Doors and a NanaWall system  open the cedar-clad structure to the outdoors.
The owner furnished the light-filled interior with modern classics.
The studio was sited so it veers away from the main house.
The interior boasts reclaimed whiskey-barrel oak floors and a wall of shelves lined with books.
One shelf equipped with rollers opens to reveal a half bath.
Another shelf conceals a storage area.
The studio was sited so it veers away from the main house.
The interior boasts reclaimed whiskey-barrel oak floors and a wall of shelves lined with books.
One shelf equipped with rollers opens to reveal a half bath.
Another shelf conceals a storage area.

Writer’s Refuge

Architect Bulent Baydar creates a modern studio in the woods for a screenwriter with young kids

A Virginia-based screenwriter needed a quiet space where he could work at home with a minimum of loving distractions from his three young daughters. He found refuge—and more—in a striking, wood-and-glass studio set into his tree-lined backyard.

Architect Bulent Baydar of Harrison Design and builder Glenn Harris of Harris Custom Homes worked closely with the owner to craft a workplace in the woods that deftly mixes natural materials with modern design and engineering. The cedar cladding of the freestanding studio blends with the surrounding landscape, while behind it, an intricate steel frame supports the structure’s three windowed walls—including NanaWall systems on two corners that fold like fans to open the interior to the outdoors. The sharply angled shed roof conceals a spacious outdoor deck on the back of the structure that can accommodate up to 10 people. Baydar cut the deck into the roof, leaving three-foot walls on each side, to preserve the building’s dynamic lines and provide extra privacy.

The studio is sited on the suburban Arlington lot so that it veers away from the main house. “I wanted grass and wood and to see as much of the yard as I could,” says the owner.  The building’s location and design serve to screen the sunlight, and maintain a comfortable climate within the workspace. “Even in winter, there is never a time when the sun is glaring down on me when I’m trying to write,” the owner says. “We relied on the way [the studio] is placed and the canopy of the trees.”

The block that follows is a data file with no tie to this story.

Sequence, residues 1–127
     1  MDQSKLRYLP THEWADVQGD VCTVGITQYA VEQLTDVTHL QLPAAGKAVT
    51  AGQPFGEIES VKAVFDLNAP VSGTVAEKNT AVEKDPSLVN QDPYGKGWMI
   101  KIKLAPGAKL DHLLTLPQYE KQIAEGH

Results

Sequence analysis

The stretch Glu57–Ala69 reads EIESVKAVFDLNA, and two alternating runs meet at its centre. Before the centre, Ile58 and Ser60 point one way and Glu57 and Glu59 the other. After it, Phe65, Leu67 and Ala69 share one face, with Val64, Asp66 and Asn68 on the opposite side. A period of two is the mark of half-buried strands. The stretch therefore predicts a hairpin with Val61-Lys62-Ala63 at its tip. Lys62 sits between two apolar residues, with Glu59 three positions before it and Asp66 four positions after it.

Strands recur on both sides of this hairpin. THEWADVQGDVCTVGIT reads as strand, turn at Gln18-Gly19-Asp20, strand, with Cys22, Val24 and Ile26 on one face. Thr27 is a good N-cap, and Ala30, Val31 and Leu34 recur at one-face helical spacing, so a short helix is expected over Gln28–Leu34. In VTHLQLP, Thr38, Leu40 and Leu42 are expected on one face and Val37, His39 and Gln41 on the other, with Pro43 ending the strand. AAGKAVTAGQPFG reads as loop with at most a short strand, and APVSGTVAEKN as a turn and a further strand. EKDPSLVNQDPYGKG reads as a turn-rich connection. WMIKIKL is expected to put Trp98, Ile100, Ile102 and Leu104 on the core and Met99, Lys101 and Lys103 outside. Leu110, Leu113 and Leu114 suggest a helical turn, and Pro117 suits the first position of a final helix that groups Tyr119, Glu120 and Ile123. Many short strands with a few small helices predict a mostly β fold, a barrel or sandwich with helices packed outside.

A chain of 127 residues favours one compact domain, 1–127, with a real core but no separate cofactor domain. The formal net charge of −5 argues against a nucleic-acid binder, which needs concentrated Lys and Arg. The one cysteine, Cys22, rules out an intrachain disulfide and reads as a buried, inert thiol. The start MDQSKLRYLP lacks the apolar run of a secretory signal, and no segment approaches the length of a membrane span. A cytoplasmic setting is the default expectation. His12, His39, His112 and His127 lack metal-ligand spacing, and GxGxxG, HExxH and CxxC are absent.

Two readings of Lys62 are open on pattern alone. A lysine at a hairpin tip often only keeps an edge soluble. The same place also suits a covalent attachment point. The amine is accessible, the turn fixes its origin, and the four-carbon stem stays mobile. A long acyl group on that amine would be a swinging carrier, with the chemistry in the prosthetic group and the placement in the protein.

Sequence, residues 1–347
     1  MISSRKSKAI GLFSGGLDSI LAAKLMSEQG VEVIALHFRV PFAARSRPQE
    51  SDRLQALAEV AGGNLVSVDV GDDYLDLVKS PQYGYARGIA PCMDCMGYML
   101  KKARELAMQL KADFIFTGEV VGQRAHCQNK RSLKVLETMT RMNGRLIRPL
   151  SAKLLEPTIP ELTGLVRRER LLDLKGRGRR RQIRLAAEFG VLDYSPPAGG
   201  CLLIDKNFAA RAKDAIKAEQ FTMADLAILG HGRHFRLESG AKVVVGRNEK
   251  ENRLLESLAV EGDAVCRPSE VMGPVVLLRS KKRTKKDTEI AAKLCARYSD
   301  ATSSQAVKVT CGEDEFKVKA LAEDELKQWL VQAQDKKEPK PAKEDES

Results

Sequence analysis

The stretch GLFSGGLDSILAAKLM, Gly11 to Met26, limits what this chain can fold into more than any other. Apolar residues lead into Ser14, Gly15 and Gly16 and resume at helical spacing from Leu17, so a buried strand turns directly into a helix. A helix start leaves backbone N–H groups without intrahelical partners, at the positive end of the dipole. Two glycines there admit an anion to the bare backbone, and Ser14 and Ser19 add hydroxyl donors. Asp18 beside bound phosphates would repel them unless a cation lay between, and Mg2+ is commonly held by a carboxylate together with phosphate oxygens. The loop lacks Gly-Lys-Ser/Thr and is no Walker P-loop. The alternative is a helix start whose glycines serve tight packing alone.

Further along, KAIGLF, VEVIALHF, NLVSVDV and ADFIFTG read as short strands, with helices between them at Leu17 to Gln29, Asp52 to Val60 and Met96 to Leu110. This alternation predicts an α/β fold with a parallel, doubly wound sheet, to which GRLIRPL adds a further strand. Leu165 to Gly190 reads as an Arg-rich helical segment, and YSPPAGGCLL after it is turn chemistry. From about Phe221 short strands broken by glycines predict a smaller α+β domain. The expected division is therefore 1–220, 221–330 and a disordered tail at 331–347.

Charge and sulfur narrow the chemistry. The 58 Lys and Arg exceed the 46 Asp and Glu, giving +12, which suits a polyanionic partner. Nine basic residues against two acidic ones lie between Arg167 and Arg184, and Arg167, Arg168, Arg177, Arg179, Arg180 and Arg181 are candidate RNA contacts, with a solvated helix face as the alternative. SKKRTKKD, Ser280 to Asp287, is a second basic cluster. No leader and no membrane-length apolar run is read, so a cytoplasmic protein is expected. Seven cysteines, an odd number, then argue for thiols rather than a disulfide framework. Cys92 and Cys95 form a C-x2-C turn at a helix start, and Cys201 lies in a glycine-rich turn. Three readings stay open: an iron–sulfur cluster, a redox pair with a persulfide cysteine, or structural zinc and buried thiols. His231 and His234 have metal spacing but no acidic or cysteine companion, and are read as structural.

Inside, the cedar ceiling rises to 14 feet at the front of the studio, allowing for a second row of angled windows. The flooring is made of weathered planks of reclaimed whiskey-barrel oak. The original saw marks are still visible on some of the boards. Floor-to-ceiling bookcases in a deep gunmetal hue line the wall behind the writer’s desk. The color, carried through to the supports between the main windows, echoes the shaded landscape while heightening the contrast with the outdoors. Two of the bookcases are actually hinged doors that pivot on a system of rollers, opening to a half bath on one side of the main room and storage space on the other.

“The pivoting bookshelves are something our firm has done a couple of times in the past, typically when a client would like to hide a space,” says Baydar. In this case, the technique helps to maximize the shelving, since the owner has plenty of books and only one wall that isn’t glass. Disguising the doors also serves to maintain the lines of the bookcases and emphasize the uncluttered feel of the main room.

The owner acted as his own interior designer, choosing classic modern furniture and lighting and lining the bookshelves with mementoes of his family and work. Though the spare lines of his retreat contrast with the more traditional design of the main house, the structures complement each other due to the use of related materials, including wood siding and stone. Setting the studio on a back corner of the lot increases its separation from the main house and surrounding neighborhood. The building, which can be glimpsed in profile from the nearby street, is accessible from a side path around the house or via a shared stone patio behind the main residence.

Although designed as a writer’s retreat, the studio doubles as a backyard entertainment space for the owner.  “It’s a refuge to work, but it blends into the backyard and patio when we have people over,” says the father of three. He marvels that once the project was complete, his girls somehow knew without being told not to interrupt him there.

Writer Sue Kirchhoff is based in Silver Spring, Maryland. Gordon Beall is a Bethesda, Maryland, photographer.

ARCHITECTURE: BULENT BAYDAR, AIA, Harrison Design, Washington, DC. BUILDER: GLENN HARRIS, Harris Custom Homes, Falls Church, Virginia.